Having two candidates who play fast and loose with the truth provides the American people with a difficult challenge.
WASHINGTON, July 22, 2016 — This unusual presidential election cycle brings us two candidates, Hillary Clinton and Donald Trump, whom most voters consider untrustworthy. There is abundant evidence to bolster their negative assessments.
FBI Director Comey made it clear in his testimony before Congress that Clinton’s use of a private email server was entirely inappropriate for a Cabinet member with access to the nation’s highest-level secrets:
Any reasonable person in Secretary Clinton’s position … should have known that an unclassified system was no place for that conversation.
The Washington Post wrote,
From what’s come to light, it seems clear that Mrs. Clinton and her aides used the private email server to preserve control over her messages, neglecting their responsibility as public servants … Rather than toss off this experience with a back of the hand, Ms. Clinton needs to learn from it.
Clinton repeatedly lied about what she had done. Before Comey’s testimony, she said that she didn’t handle any classified information through her private email account. According to Comey, “110 e-mails in 52 e-mail chains have been determined by the owning agency to contain classified information at the time they were sent or received.”
Clinton appeared on the Charlie Rose show and was asked about Comey’s statement that she had been “reckless.” Clinton responded that Comey had never said that.
His statement is available on tape for all to see.
Clinton fabricated the story she gave to the families of those killed in Benghazi. While she was secretary of state, the Clinton Foundation solicited millions of dollars from governments who sought favor from Washington.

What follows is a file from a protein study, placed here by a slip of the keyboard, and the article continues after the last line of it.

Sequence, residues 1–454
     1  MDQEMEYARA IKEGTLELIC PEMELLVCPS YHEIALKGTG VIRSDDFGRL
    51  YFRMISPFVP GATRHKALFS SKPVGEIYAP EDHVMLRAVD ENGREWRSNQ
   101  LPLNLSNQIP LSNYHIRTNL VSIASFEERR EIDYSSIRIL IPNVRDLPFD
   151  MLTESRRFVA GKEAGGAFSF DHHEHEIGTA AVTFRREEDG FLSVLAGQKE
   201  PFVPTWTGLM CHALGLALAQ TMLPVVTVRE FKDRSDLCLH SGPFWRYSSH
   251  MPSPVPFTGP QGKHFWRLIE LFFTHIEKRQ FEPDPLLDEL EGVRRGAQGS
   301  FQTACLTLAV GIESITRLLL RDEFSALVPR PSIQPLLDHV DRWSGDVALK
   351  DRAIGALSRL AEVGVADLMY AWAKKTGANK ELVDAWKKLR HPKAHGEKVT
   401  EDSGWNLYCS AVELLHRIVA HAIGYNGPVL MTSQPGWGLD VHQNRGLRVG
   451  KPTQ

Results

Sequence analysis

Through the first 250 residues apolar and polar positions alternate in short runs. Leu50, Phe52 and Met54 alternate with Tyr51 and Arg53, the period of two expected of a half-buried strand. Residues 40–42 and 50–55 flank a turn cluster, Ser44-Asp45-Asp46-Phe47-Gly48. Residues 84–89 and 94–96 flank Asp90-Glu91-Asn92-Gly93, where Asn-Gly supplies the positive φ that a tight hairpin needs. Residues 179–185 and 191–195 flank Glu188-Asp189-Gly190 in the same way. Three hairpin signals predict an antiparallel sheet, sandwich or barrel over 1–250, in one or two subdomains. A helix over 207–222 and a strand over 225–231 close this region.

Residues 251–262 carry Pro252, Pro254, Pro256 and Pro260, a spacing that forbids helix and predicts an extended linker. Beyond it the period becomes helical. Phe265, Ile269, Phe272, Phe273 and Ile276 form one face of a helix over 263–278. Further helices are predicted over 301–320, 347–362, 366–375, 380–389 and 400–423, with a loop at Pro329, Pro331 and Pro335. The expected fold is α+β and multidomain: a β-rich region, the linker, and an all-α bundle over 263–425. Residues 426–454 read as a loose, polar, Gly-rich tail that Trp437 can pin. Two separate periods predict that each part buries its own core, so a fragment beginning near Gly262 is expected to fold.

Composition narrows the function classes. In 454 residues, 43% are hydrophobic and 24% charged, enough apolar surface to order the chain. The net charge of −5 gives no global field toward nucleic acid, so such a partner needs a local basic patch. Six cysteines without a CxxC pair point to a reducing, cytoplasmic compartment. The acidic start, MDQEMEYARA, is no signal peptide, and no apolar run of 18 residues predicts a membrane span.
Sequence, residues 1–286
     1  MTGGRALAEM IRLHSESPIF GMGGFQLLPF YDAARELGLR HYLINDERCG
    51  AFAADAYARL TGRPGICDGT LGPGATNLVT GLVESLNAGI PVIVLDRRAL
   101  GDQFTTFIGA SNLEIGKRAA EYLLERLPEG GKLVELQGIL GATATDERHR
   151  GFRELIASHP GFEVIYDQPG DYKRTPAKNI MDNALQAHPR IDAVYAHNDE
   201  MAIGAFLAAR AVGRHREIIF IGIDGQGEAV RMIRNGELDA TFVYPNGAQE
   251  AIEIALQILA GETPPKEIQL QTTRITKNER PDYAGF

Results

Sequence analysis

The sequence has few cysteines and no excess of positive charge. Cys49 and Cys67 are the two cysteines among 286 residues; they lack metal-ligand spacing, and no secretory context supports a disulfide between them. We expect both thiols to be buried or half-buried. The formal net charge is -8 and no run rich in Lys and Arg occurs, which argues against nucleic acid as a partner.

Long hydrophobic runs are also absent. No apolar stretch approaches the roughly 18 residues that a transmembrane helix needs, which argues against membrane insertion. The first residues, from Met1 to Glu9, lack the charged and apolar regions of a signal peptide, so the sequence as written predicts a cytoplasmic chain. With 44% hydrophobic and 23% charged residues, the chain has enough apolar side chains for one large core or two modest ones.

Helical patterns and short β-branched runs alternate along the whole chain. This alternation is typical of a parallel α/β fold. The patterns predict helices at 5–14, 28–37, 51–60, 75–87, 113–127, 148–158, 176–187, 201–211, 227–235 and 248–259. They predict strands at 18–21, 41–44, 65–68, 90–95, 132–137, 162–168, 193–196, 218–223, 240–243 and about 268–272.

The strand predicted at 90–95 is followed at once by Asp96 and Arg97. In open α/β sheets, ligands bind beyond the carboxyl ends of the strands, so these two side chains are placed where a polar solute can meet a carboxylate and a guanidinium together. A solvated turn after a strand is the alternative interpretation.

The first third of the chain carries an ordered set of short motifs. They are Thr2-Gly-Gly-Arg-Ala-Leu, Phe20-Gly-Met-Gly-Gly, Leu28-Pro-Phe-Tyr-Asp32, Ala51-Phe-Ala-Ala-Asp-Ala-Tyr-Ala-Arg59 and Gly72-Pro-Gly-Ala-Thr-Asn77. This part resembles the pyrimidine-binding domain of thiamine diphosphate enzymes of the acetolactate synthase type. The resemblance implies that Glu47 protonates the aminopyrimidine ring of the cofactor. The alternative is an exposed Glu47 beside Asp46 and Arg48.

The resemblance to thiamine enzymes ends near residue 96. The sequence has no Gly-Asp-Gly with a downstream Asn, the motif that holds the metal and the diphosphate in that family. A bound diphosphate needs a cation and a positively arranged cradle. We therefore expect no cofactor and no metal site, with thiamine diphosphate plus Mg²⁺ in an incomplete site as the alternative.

Clinton received hundreds of thousands of dollars from Wall Street banks in speaking fees, but she refuses to tell the public what she said. Sen. Bernie Sanders suggested it must have been Shakespearean to command such enormous fees.
Many in Washington view those fees as a form of payment for past and future services.
From Whitewater to her efforts to demonize the women with whom her husband was involved, Clinton’s record does not inspire trust or credibility.
In Donald Trump we have a candidate whose relationship with the truth seems slight. He claims to have seen thousands of Muslims celebrating on New Jersey rooftops after 9/11, but no one else did. He says he opposed the war in Iraq from the beginning, but he said on the Howard Stern show that he supported it..
His character shows in his pattern of insulting others, from mocking a disabled reporter to saying that Sen. John McCain was not a hero because he was captured in Vietnam to suggesting that Sen. Ted Cruz’s father was involved in the assassination of John F. Kennedy.
His boasts about his business career are questionable. He refuses to release his tax returns. Trump’s casinos in Atlantic City failed even when the rest of the city continued to thrive. He used company money to pay off personally guaranteed loans, and after the 1995 creation of the public company Trump Hotels and Casino Resorts, he used company funds to bail out privately-held casinos.
The company has filed for bankruptcy five times.
Trump repeatedly cites his best-selling book, “The Art Of The Deal.” When he announced his candidacy in New York, he declared, “We need a leader who wrote ‘The Art of the Deal.'” In fact, the author of the book was journalist Tony Schwartz.